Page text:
Gourmet mushrooms are certainly enjoying their glory days. These superfood superstars are showing up everywhere, from our coffee to the main course, as consumers and chefs realize their nutritional value, adaptability, texture and taste.
Growers across the country are jumping on the shroom boom bringing the Pennsylvania natives to boutique farms in city and suburbs nationwide.
Jim and Stacy Shaffer started growing their bounty for personal consumption in a spare bedroom of their Yucca Valley home. Friends and family started making requests, and the operation grew to their backyard barn. When restaurants began calling, the couple knew they had something special, so they moved to the valley and Canyon Creek Gourmet Mushrooms was born.
They now serve around 1,000 pounds of product weekly to 40-50 restaurants valley wide including Workshop Kitchen + Bar, Wildest Restaurant and Mr. Lyons. Their store front offers freshly grown product, homemade jerky, powders, and more, and their team of nine is always happy to offer tours.
When I walked through the doors of their Palm Desert facility, the first thing I noticed was the smell – or, should I say, the lack thereof. Having lived near Morgan Hill (CA), formerly known as the “mushroom capital of the world,” I associate harvesting mushrooms with manure and can immediately recognize the pungent whiff. I would soon learn that today’s gourmet mushrooms – lion’s mane, king trumpet, oyster, pioppino and chestnut – naturally grow on trees with no fertilizer involved. “Farming” simply includes wood pellets, soy husks, temperature control, humidity and time.
Canyon Creek recreates the “tree” via blocks of clean hard wood pellets with soy husk pellets providing a nitrogen boost. On my tour, Shaffer explained that the blend of the two creates what they call the substrate for the mycelium to grow and produce their mushrooms. The pellets are placed in polypropylene bags which protect the growing process, just as bark would in nature. Water is added, blocks are sterilized, mycelium spores are added and the growing cycle is approximately 30 days.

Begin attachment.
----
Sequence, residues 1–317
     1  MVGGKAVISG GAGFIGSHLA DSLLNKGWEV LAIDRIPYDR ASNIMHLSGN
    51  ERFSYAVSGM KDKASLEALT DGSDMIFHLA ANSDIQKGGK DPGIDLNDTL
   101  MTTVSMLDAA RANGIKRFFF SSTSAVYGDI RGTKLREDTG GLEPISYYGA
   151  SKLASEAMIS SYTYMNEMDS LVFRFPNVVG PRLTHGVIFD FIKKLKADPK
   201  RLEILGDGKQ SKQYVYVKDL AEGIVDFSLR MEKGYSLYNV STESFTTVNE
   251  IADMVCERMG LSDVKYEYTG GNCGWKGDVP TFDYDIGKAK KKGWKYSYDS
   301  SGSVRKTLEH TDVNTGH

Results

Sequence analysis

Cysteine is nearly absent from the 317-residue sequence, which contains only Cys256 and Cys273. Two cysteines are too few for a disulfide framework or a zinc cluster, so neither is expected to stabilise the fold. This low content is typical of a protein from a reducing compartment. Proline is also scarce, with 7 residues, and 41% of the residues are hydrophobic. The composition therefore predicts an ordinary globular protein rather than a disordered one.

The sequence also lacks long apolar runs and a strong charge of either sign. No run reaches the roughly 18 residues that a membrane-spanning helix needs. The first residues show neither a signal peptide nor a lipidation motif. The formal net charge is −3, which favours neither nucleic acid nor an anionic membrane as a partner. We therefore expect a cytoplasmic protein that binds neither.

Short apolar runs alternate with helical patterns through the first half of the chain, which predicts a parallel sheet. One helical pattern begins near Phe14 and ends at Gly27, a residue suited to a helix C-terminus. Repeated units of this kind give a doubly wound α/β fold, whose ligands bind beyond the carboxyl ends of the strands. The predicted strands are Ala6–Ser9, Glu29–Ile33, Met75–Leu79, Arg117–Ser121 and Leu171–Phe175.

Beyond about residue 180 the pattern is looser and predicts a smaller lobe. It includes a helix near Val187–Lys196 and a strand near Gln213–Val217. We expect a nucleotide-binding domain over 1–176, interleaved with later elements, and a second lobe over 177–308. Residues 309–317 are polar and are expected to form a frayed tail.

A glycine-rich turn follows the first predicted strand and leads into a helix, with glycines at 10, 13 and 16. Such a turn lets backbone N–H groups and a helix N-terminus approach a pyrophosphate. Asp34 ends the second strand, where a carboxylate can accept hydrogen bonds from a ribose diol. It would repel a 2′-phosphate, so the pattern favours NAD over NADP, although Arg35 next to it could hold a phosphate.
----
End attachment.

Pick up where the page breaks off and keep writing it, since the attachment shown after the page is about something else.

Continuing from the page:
“Our incubation area allows the colonies of mycelium to grow and multiply,” explains Shaffer. Seventy-five degrees mimics summer in the forest and keeps the mycelium happily munching away on its energy source. When the time is right, the bags are transported to the fruiting chamber where they are opened and manmade “fog” sets in. “The cooler temperature and high humidity in the fruiting chamber triggers the mycelium to produce the mushrooms.”
Around 2017, videos about commercial growth of mushrooms started showing up, he says. Prior to that, growers used actual trees which requires more space and is seasonal based on the region. The craze soon took hold and now, “almost every town has a guy or girl like me growing mushrooms on the side.”
What’s all the wonder? These little fungi are power-packed with healthy benefits. All varietals are fat, cholesterol and gluten-free, and low in calories and sodium. Canyon Creek has a one-sheet that summaries their products:
- Oyster mushrooms are high in protein, fiber, iron, zinc, potassium, phosphorous, selenium, calcium, folic acid and vitamins B1, B3, B12, C and D
- King trumpets are high in protein, fiber, iron, zinc, thiamin, magnesium, vitamin B6, riboflavin and niacin, delivering anti-inflammatory benefits
- Pioppino are high in copper, fiber, iron, potassium, biotin, selenium, folate and vitamins B2, B3 and B5
- Chestnut mushrooms are rich in polysaccharides, a primary source of energy for our bodies, and have been shown to have antibacterial and anti-tumor properties
- Lion’s mane is the star of the show as it has been reported to enhance memory, brain function and immunity, and reduce anxiety and depression
Shaffer explained that their homegrown products can be up to three-times more beneficial than store bought items, similar to straight-from-the-farm organic produce. While standard mushrooms lose nutritional potency when cooked, he adds, gourmet mushrooms actually increase in potency.
I left with a bundle of things to try and my favorite, fresh loin’s mane, to sauté for the family that evening. When cut in 1” slices, lightly browned in butter and seasoned with a little salt and pepper, it takes on the texture and taste of a soft white meat. I compare it to succulent lobster; others thought it tasted like tender chicken and couldn’t believe it was a mushroom.
Try it for yourself! Support local and take a trip to Canyon Creek Mushrooms.
Canyon Creek is located at 77917 Wildcat Drive in Palm Desert and open Monday – Saturday 10a-4p. You will also see them at most valley farmer’s markets. For more information, visit www.canyoncreekmushrooms.com or call (760) 577.4920.